With the popularity of user-generated content sites and travel applications rapidly rising, social networking and experience-sharing is increasingly on the consumer travel agenda.
Indeed this trend ties in well with the theme of this month’s edition of Travolution – Generations – and raises the question: are social networking sites solely the province of the young?
Certainly, the most heavily engaged social networkers are the young, but with more than 45% of Yahoo! Travel’s unique visitors aged over 45, according to ComScore, it would be a mistake for operators to assume social networking is solely for the young.
But while different generations tend do the same things, they do them differently. For example, mature Internet users seem to use social networking for specific purposes – such as LinkedIn for career networking or WAYN for meeting and staying in touch with travel companions. Whereas, younger users tend to use sites such as Bebo and Facebook to reflect their personality and individuality.
This truism was highlighted to me by a friend (in her 20s) who recently met a couple of septuagenarians while travelling around South America. While they were all following roughly the same route for their respective holidays, they had booked them in different ways.
My friend had used a number of forums, networks and travel search sites to organise her backpacking trip, while the septuagenarians had booked their cruise through a high-street agent.
However, like my friend, the septuagenarians were equally keen to share their experiences and were not only using photo-sharing websites to do so, but were also enthusiastically working out how to link up a soundtrack to their online photos.
But while the ultimate goal of travel firms working within social networking sites is to harness the urge to share experiences to influence travel planning and booking decisions, there are some challenges.
The length of the travel planning process has often hindered efforts to track the impact of early influences on travel purchase decisions. Furthermore, while many sites offer marketing opportunities for businesses to exploit both these stages (pre-trip planning and post-trip sharing), few sites have tied up this loop enabling advertising partners to reach engaged users at all stages of the travel process.
One of the goals of Yahoo!’s new Trip Planner site was to implement sharing technology to create a bi-functional travel toolkit to tie this loop. Many of the tools have been available for some time (photo sharing, mapping, trip journals, forums, reviews and ratings) – and a number of travel firms have made excellent use of them – but what was missing was their cohesive application for travel planning.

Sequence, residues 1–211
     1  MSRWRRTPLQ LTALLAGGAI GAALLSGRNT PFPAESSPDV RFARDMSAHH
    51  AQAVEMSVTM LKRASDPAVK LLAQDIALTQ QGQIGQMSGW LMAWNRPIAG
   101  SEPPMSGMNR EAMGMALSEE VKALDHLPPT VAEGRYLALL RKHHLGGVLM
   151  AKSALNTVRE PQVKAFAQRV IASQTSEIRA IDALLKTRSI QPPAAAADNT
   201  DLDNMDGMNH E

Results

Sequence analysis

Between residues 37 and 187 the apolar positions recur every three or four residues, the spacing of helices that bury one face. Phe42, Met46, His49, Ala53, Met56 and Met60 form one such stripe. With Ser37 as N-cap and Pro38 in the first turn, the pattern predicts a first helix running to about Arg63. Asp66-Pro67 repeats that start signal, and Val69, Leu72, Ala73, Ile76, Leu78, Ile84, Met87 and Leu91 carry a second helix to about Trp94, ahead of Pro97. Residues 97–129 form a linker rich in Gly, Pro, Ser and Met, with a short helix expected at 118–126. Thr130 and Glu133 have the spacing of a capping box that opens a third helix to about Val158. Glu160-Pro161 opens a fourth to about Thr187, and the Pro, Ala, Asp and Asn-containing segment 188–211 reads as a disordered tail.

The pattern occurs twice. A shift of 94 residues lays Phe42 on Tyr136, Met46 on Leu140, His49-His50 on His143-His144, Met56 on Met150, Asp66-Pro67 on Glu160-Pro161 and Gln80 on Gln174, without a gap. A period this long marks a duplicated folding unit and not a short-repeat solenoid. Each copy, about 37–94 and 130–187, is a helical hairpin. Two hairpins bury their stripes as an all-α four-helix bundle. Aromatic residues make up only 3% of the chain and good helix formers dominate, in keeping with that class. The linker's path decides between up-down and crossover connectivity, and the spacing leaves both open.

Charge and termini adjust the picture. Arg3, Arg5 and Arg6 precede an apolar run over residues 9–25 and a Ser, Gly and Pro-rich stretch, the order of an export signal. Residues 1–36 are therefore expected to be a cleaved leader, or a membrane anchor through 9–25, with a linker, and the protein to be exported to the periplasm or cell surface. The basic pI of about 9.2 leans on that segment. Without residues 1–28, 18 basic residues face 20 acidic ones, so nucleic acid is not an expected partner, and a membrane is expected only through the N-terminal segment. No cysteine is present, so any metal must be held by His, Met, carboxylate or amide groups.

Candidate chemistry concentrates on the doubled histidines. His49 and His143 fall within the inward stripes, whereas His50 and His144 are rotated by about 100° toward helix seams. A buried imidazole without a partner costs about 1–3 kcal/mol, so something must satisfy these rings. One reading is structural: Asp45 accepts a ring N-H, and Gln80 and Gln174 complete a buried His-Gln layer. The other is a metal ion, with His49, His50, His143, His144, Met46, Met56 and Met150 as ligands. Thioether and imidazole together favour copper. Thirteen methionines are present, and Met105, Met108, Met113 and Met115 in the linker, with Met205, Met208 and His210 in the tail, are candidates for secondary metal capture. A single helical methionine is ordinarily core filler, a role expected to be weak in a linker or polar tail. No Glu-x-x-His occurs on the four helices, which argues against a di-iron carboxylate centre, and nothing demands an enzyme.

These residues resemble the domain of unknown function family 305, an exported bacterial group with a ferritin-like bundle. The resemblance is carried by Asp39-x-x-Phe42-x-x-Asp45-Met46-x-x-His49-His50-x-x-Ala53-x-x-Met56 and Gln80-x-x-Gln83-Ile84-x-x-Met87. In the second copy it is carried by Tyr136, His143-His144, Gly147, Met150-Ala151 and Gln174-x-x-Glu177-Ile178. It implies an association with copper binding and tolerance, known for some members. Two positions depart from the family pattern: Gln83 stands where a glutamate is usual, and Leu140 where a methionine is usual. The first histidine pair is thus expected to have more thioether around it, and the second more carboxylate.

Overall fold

However, as we have learnt, adapting and combining these tools for this specific purpose is not a simple task and an investment that only a handful of companies could justify. Yet in the travel search business it makes perfect sense. As a Travolution blogger recently pointed out, one of the key challenges in using hosted applications is how to ensure the user who has registered on your site to download the application actually starts using your site.
For Yahoo!, integrating our Trip Planner functionality within Yahoo! Travel means highly engaged consumers can pass from Trip Planner through the Yahoo! Travel comparison facilities and third-party travel guides before moving on to our advertising partners’ sites in a position to buy.
For me, the story of the septuagenarians underlined the universal appeal of practical tools and applications that facilitate everyday tasks and the willingness of all generations to master them. While for the so-called Internet generation mastering new tools may come more naturally, those who have invested time in mastering them often become the most avid users.
As more applications and tools emerge, consumers will inevitably select and combine services to best suit their specific purposes. As users become more sophisticated in their selection and usage, so too can travel advertisers in their targeting.
Tim Frankcom is general manager, Yahoo! Travel Europe